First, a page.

Florida drew national media attention in 2008 when 2-year-old Caylee Marie Anthony of Orlando was reported missing. In the months and years that followed, her mother, Casey, was charged and ultimately acquitted of Caylee’s murder.

Along the way she became society’s public example of a bad mother. During the months leading up to and after Anthony’s trial, the family’s neighborhood was often overrun by the media, but also by people described as protestors.

Every time I heard the news stories about protestors marching and carrying signs outside the home of this child who could no longer be helped, I was puzzled and angered. What could it mean to protest a person? And if these people were so passionate about protecting children, why weren’t they advocating for the many living children facing peril every day?

According to the national CASA (Court Appointed Special Advocates) website, 1,900 children in the United States become victims of abuse or neglect every day, and on an average day, four of those children die. Communities everywhere need volunteers willing to actively advocate for kids whose parents or guardians are accused of abuse, abandonment or neglect. 

A few years ago, I served as a guardian ad litem in Seminole County. I represented children whose parents struggled with a variety of challenges, including mental and physical illness, extreme poverty, substance addiction, and criminal charges not directly related to the children.  The 20 or so children I worked with came from a range of socio-economic classes and demographic categories, for no part of our community is immune to this problem. Every month I visited with the children, their parents, other caretakers and family members, teachers, health care professionals, counselors, case workers, and others to gather and report information that helped judges make decisions in the best interests of the children. 

Being a guardian is challenging and rewarding, but you don’t have to necessarily take on such a large role to make a difference. After a standard background check, you can volunteer at a Boys & Girls Club, serve as Big Brother or Big Sister, or spend time working with and mentoring kids at a local religious organization, school or hospital. Supporting parents is critical, too. Even something as simple as lending a hand to a mom or dad struggling to manage the parenting load in a tough moment can make a profound difference in the welfare of a child. 

I reached out to my network of friends and family who work directly with children in crisis to capture the advice below for people interesting in helping. 

  • When you encounter a child in crisis (and actually this advice works for people of any age in crisis) let them feel and express their emotions. Shannon, a judge, noted that he works every day with children who are caught in custody battles or have been severely abused, and says that allowing kids to vent about their feelings can sometimes help.  Lisa, a teacher, wrote: “I have seen middle school students plow through the death of a loved one with the stoic demeanor of a battle-hardened soldier, but fall apart emotionally at the imagined slight of their peer group…Telling a child to ‘cheer up’ is not only unhelpful, it tells them that there is something wrong with them, at a time when they are already very vulnerable.”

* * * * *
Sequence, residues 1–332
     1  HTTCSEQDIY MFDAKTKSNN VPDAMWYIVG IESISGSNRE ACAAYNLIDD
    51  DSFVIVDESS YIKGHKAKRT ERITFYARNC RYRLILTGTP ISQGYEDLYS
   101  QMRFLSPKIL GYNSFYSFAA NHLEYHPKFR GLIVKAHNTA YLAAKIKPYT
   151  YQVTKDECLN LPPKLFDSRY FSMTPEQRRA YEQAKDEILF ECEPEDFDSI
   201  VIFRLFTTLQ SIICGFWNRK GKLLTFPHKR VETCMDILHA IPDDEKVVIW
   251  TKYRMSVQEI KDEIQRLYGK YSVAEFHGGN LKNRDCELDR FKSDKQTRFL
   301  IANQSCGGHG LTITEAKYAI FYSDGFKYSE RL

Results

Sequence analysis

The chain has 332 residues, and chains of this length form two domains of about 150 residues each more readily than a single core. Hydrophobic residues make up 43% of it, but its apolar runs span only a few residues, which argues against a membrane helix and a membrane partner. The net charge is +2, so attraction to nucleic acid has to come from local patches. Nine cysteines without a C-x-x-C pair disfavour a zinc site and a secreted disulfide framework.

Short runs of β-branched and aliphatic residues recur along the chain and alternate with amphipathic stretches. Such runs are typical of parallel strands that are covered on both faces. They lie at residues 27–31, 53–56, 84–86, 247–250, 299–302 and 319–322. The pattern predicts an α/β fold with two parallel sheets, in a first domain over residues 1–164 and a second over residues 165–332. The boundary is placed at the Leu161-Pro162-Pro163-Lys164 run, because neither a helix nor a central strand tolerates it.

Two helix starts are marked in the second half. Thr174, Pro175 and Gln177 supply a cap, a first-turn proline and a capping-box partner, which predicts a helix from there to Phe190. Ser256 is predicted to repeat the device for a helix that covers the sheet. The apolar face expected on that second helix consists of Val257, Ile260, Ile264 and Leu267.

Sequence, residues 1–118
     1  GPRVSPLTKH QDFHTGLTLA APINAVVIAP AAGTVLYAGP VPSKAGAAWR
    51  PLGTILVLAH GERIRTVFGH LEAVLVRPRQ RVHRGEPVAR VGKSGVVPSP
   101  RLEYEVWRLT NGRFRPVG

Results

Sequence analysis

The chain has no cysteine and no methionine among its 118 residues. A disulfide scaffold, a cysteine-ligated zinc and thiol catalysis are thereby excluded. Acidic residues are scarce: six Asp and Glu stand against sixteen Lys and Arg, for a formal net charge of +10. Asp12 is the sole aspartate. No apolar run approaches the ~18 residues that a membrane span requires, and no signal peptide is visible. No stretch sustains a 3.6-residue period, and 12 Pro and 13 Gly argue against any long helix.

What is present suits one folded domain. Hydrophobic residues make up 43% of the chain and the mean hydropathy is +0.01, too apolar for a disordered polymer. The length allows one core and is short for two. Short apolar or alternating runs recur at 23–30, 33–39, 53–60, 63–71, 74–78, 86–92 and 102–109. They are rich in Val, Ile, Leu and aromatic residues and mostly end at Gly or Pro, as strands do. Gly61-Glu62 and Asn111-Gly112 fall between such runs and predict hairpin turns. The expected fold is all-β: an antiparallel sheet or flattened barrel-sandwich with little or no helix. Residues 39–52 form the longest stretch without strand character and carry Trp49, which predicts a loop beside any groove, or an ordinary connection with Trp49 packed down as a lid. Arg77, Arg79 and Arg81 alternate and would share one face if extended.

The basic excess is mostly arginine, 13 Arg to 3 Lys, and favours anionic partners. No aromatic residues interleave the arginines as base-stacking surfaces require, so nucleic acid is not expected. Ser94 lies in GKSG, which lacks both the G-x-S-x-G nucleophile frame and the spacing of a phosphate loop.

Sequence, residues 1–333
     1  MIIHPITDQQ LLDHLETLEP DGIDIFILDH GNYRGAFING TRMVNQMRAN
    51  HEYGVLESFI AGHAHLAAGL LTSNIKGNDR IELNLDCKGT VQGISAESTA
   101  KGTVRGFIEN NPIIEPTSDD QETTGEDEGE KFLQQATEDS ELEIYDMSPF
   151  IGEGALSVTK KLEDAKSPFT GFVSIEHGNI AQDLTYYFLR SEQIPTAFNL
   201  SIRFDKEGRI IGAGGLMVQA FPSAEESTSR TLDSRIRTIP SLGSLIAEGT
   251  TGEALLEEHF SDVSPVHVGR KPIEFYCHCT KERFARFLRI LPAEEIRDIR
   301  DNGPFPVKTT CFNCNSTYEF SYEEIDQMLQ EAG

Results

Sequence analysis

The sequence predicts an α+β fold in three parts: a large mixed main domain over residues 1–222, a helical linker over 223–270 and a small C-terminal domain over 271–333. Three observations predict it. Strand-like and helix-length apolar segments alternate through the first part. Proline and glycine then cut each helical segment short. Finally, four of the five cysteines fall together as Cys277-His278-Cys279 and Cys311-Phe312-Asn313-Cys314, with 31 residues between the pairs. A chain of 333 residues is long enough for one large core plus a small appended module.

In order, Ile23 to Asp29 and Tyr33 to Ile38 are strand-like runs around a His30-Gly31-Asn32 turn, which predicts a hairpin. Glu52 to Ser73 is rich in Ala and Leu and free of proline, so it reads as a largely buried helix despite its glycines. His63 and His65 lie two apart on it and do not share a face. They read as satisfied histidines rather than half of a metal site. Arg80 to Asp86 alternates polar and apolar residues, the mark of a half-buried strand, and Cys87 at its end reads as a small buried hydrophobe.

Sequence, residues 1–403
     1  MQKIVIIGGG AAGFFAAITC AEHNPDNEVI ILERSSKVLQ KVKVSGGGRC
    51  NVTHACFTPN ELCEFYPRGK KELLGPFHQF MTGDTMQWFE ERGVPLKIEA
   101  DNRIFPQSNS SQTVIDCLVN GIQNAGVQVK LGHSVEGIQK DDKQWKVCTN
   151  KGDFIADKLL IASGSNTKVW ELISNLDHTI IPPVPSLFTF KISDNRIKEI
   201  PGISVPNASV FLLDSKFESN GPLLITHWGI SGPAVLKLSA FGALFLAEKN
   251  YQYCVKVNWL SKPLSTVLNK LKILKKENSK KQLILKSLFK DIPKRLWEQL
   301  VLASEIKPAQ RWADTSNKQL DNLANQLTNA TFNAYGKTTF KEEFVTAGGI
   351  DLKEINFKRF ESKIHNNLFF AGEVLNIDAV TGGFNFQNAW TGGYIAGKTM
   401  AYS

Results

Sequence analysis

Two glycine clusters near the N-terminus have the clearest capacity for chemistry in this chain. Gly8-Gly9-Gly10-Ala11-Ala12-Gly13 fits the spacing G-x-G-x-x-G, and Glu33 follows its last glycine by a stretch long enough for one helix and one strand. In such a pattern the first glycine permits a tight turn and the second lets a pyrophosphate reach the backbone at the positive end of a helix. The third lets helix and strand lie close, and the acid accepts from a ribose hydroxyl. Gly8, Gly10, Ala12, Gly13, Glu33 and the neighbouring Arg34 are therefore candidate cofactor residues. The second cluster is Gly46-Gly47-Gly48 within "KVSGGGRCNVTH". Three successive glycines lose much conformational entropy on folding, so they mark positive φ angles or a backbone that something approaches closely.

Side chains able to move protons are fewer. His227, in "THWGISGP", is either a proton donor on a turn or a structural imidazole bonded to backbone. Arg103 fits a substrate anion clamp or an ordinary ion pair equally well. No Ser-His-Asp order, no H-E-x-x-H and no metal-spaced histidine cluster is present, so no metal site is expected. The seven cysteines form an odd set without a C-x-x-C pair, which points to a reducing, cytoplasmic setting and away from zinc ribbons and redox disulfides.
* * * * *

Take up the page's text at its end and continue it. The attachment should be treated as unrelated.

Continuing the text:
• Terri, a longtime volunteer guardian, noted the importance of “learning the system and speaking up if something doesn’t look or feel right.” Reaching out to a teacher or other authority in a child’s life to mention concerns is a perfectly appropriate thing to do, though it’s important to remember that not all differences in families constitute a danger to children. 
  • Do what you can to stabilize the child’s situation. Aimee, who has worked professionally with children in crisis, wrote: “Help to limit the trauma. Offer support to the entire family in a variety of ways. By limiting stressors and helping to improve their family dynamic, you can help the child. This can be world changing.”
  • Encourage the children in your influence to be kind to their peers who are having a hard time. Amy wrote: “In our experience, friends who didn’t disappear when my girls were going through their father’s death and some other hard stuff were their best support.”
  • Practice empathy. Arthur, a long-time child advocate who works with children and teens in crisis, underscored “the power of empathy as a means of bridging the gaps of understanding.” He noted that this process “takes practice, intention and focus.”
  • You can learn more about opportunities to help kids at http://www.casaforchildren.org/ or http://guardianadlitem.org/. These organizations report a number of ways in which children benefit from working with adult volunteers. They are more likely to find stable homes, get supportive services, minimize their time in foster care, and do better in school. They are likely to be more socially stable, optimistic, and focused on the future.

    If people focused more on taking positive action for children than on sensational coverage of family tragedies, the world would be safer for children in jeopardy. 

    Melody Bowdon is executive director of UCF’s Karen L. Smith Faculty Center for Teaching and Learning and is a professor of writing and rhetoric. She can be reached at melody@ucf.edu